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Transnet's masterplan to take it forward

Jul 15 2012 10:30 City Press

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Johannesburg - Transport and logistics parastatal Transnet is returning to its past as it prepares for the future.

Like it was in its former incarnation, it is set to lead the skills explosion by spending an average of just over R1bn a year on skills development, including those that are not core to its operations.

At a time when the economy is shedding jobs and the private sector is sitting on a R1.2 trillion cash pile - causing speculation in some quarters that there is an investment strike on the go - Transnet this week announced its annual results and an ambitious R300bn capital project over seven years that promises to boost employment in the country.

The R1.2 trillion sitting idle with private sector firms is not invested in the economy for a variety of reasons, even though 65% of this cash is held in one-day demand accounts, earning the lowest rates on interest in 30 years.

Transnet expects that 558 000 new jobs will be created as a direct or indirect result of the cash injected through various projects aimed at expanding its rail, port and pipeline infrastructure, and shifting freight volumes from road to rail.

The parastatal also announced that it had bought 143 locomotives from US-based General Motors. Of these, 10 come fully assembled and 133 would be assembled in South Africa, thus creating more local jobs and increasing local expertise.

During the apartheid years, Transnet’s predecessor, the South African Railways, was a leading source of artisan training and apprenticeships in the country.

This was, however, limited largely to white workers.

Transnet’s group human resources head, Nonkululeko Sishi, told City Press that the state-owned enterprise would this year employ an additional 4 533 people to push staff numbers to just over 63 700.

The organisation intends to have just under 74 000 employees on its payroll by the end of the 2018/19 financial year.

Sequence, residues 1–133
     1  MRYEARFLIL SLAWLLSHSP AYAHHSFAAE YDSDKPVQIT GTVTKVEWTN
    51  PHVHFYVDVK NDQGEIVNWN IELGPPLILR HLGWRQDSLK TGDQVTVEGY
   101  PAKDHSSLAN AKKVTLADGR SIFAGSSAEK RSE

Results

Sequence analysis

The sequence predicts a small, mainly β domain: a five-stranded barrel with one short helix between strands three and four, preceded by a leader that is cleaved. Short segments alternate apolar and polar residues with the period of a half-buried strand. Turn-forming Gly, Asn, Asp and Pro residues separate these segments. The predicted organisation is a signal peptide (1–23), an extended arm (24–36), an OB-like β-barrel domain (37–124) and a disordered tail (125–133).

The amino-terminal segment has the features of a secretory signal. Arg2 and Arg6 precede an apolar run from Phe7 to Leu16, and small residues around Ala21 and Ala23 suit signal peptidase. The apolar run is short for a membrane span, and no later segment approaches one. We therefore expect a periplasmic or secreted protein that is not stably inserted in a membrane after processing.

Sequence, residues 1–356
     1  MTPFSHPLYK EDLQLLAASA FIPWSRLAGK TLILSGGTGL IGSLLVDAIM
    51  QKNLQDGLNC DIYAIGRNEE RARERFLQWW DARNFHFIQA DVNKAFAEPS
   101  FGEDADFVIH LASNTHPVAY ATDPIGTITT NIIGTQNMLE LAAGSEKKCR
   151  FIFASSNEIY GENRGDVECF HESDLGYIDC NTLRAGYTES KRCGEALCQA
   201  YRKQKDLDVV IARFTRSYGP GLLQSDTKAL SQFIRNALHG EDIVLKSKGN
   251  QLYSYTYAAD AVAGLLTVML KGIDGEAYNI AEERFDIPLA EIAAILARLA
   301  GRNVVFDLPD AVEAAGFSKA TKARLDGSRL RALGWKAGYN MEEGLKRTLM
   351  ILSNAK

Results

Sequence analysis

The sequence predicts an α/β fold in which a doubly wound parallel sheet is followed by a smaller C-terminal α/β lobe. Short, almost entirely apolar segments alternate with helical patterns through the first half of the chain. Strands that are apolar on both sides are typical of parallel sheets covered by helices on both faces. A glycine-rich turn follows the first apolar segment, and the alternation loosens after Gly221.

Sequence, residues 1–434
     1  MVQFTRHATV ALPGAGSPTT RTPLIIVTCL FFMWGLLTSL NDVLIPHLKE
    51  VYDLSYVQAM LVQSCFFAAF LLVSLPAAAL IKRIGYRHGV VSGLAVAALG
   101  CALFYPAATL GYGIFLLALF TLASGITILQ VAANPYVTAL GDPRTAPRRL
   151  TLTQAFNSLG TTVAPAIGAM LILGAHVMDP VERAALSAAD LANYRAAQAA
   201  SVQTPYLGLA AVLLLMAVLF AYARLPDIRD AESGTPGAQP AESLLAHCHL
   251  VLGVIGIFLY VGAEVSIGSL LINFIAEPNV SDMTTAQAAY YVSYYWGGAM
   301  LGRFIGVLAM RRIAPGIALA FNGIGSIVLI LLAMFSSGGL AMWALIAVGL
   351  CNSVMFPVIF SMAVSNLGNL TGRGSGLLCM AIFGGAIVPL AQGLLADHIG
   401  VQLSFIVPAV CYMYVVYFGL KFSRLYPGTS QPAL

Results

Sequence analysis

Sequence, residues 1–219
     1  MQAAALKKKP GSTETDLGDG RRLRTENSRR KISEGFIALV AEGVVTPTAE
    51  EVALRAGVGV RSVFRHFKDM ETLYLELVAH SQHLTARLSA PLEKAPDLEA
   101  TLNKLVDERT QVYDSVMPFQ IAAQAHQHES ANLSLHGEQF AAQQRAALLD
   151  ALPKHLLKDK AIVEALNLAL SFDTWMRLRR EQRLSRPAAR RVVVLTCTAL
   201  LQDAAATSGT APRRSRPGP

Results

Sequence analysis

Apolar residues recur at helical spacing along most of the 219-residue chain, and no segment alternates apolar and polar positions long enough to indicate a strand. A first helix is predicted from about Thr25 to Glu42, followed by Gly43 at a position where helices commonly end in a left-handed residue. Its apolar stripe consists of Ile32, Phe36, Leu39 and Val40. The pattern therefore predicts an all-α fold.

It also intends having 2 000 apprentices at any given time over the next seven years.

The training budget is expected to cover training for 120 engineers (of various disciplines) this year and increase trainee numbers by 10% a year, compounded, for the next seven years.

Last year the company trained 500 artisans.

This year, and every year for the next seven, this number will increase by 10%.

Though Sishi would not say whether the enterprise would stop outsourcing security services, she added that 800 protection officers would be trained to protect their trains, ports and other assets.

Transnet will not retain everyone who goes through the various programmes.

“There will be an oversupply and we will release some of them to the economy to help address the mismatch (of skills and jobs available).

“The percentages of those we will retain will depend on the business demands and also on people retiring or leaving. Those who are in excess will be able to find jobs or work for themselves.

“There might be opportunities at some stage of working with other state-owned enterprises, but we do not have any at the moment. What we have is partnership with lots of universities across the country,” said Sishi.

Transnet’s group revenue for the year increased by 20.9% to R45.9bn from R38bn in the previous period, mainly because of a growth in volumes in the export of coal and iron ore, in general freight, in container volumes, as well as an 18% improvement in productivity.

Kelly Group’s Bev Jack said she was “delighted that the project, through the introduction and roll-out of apprenticeships, will help to address the need of SA’s youth, and the growing volume of young people with limited future plans.

“Through this project, new avenues to access the world of work have been opened.

“Transnet, as the largest and most crucial part of the freight logistics chain that delivers goods to each and every South African, plays a vital role in our economy.

“With this investment in human capital, assets and technology, Transnet is certain to make a positive impact on the future of South Africa and our people,” Jack said.

 
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